Converse Spring 2009 British Rock Collaborations: The Who
If the Americans invented it, then the Brits perfected it. With an added sense of urgency, British Rock bands of the 50s and 60s widened the appeal of Rock music and somehow managed to export it back to the Yanks. This week, we check out a pair of rebel rousing kicks inspired by The Who.
From their humble mod beginnings to tearing up the stage at Woodstock, The Who defined Brit Rock just as guitarist Pete Townshend with his windmill-strum and rock-inspired leap symbolised all that was rock n roll.
If you just know their music from the opening themes of all 3 CSI series, then it’s high time for a lesson in Rock History. Starting out in 1964, The Who first gained notoriety at the Railway Tavern in Harrow and Wealdstone, London. Angered by sniggers from the audience, Townshend smashed his guitar on stage, then picked up another one and continued the show. A large crowd attended the next concert, but Townshend declined to smash another guitar. Instead, drummer Keith Moon wrecked his drumkit. The incident at Railway Tavern is listed by Rolling Stone magazine as one of the 50 Moments That Changed the History of Rock ‘n’ Roll.
The Who literally gave a voice to a new generation via hits like ‘My Generation’ and ‘The Kids Are Alright’. Their first hit, ‘I Can’t Explain’Â was first played in the USA on WTAC AM 600 in Flint, Michigan, by DJ Peter C Cavanaugh where Moon drove a car into a hotel pool during his 20th birthday (Moon claimed it was his 21st so he could drink).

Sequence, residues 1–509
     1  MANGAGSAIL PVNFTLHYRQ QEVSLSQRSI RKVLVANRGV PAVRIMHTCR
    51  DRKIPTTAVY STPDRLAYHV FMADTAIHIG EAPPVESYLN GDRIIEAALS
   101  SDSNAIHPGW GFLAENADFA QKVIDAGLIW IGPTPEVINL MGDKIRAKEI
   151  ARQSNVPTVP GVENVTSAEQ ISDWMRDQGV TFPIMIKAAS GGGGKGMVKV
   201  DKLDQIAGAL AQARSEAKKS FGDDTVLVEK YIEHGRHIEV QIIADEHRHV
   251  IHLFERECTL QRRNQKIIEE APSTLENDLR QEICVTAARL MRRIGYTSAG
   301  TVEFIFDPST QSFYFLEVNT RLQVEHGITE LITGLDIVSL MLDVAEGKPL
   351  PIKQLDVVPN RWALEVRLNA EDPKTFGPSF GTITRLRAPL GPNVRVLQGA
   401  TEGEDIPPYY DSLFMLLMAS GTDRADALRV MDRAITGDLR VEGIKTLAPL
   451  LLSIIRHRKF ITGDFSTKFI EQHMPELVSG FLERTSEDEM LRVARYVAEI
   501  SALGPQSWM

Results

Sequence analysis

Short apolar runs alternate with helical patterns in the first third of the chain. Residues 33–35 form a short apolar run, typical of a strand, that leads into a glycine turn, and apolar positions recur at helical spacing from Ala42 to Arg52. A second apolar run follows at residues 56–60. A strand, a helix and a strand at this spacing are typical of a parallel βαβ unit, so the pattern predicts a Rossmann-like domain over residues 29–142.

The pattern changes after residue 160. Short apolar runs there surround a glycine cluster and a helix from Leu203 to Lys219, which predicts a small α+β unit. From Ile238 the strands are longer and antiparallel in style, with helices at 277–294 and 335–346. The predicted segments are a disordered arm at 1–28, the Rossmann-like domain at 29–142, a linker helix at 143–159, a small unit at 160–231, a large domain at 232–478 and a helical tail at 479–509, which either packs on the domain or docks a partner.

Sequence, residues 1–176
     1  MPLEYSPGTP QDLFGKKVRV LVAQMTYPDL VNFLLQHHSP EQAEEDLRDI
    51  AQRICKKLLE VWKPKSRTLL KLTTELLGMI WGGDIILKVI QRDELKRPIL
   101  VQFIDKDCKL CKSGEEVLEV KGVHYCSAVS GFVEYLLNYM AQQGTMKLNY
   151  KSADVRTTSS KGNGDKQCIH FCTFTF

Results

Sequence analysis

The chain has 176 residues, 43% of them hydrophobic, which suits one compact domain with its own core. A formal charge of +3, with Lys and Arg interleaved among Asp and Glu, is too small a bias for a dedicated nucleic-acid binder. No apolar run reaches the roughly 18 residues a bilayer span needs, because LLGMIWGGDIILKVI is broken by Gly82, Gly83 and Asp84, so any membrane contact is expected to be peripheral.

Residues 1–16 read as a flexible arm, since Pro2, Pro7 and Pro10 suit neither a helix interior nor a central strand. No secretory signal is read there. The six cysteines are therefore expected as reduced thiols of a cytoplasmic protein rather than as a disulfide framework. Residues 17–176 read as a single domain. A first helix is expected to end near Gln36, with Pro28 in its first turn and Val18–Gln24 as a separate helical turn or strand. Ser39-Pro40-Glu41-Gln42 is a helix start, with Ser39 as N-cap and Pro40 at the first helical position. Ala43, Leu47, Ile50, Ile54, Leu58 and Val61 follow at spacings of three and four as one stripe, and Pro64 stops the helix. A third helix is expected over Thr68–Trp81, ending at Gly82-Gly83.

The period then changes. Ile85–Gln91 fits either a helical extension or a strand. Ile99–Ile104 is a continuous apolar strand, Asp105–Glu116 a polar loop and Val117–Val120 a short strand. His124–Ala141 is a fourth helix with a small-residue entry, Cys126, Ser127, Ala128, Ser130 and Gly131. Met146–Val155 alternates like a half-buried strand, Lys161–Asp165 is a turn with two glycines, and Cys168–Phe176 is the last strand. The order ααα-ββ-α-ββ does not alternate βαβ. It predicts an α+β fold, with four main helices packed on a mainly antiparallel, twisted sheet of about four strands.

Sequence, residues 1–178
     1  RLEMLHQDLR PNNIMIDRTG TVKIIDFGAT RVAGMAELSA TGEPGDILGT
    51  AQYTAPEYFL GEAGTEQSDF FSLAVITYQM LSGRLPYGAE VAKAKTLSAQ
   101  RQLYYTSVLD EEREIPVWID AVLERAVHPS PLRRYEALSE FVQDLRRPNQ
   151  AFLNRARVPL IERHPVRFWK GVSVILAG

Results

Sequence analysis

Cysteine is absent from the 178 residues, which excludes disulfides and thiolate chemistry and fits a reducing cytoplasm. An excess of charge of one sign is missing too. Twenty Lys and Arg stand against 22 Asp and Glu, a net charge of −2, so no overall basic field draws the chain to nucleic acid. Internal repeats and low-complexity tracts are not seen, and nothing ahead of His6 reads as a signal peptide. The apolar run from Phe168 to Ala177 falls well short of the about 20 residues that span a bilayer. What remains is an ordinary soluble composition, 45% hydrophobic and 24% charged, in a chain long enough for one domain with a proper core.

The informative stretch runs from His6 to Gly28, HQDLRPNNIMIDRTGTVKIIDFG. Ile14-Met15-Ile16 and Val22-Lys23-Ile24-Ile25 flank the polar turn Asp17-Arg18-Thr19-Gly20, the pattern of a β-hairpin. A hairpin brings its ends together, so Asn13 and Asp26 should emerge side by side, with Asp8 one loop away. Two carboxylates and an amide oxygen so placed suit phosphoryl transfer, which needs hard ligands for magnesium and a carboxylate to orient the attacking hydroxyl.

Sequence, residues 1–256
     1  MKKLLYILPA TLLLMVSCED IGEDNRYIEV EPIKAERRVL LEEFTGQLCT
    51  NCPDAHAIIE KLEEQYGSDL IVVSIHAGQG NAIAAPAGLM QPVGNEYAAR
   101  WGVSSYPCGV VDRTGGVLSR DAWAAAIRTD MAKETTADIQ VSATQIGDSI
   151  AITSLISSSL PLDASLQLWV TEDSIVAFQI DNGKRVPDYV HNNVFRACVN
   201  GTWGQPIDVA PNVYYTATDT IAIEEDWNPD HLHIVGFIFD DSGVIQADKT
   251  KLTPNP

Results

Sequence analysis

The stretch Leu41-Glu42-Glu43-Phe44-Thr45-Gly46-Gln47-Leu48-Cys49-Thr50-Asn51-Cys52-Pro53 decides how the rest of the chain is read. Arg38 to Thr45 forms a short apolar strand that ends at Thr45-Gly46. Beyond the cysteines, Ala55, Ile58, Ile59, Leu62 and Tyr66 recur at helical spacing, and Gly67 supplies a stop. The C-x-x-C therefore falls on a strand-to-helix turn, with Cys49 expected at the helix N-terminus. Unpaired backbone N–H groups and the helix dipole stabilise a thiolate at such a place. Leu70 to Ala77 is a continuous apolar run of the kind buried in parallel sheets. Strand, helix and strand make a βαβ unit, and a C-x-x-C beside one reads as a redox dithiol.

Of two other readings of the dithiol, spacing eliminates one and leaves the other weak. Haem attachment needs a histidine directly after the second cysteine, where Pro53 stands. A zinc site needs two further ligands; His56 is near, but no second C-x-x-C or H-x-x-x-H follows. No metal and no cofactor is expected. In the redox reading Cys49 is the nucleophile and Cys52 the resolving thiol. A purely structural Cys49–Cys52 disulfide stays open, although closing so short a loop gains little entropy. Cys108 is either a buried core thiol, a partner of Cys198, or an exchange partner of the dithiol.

Stretching their rock n roll ferocity, The Who went on the devastate the stage at the Monterey Pop Festival (where Jimi Hendrix set his guitar on fire as well) and repeated the act with explosive results as Moon detonated his drumkit on the Smothers Brothers Comedy Hour.
Years before Ziggy Stardust and decades before any American Idiot was born, The Who released the conceptual The Who Sell Out in 1967 and followed up with the first rock opera album ever Tommy. Around this time the teachings of India’s Meher Baba influenced Townshend’s songwriting, continuing for many years.
Time magazine said The Who had “outpaced, outlasted, outlived and outclassed” all of their rock band contemporaries. The Who’s aggression, violence and snotty attitude have earned them the title, “The Godfathers of Punk” as many proto-punk bands have cited them as early influences. Surviving members Townshend and vocalist Roger Daltrey reunited and did several shows in recent times, most notably the post-Sept 11 charity concert in New York. Q magazine named The Who as one of the “50 Bands to See Before You Die”.
So what better way for Converse to celebrate the brashness of Brit Rock, then with an invasion of kicks! And ideally, the first of the series to be released, like the band, The Who Converse Chuck Taylor All Star shoe carries a proudly tattered Union Jack, bulls-eye graphic and The Who logo and looks groovy on scooters or parkas. Available as a Chuck Taylor All Star high-top and Oxford shoe in white/French blue, white/blue/red, white/red/blue, and black iris/blue canvas.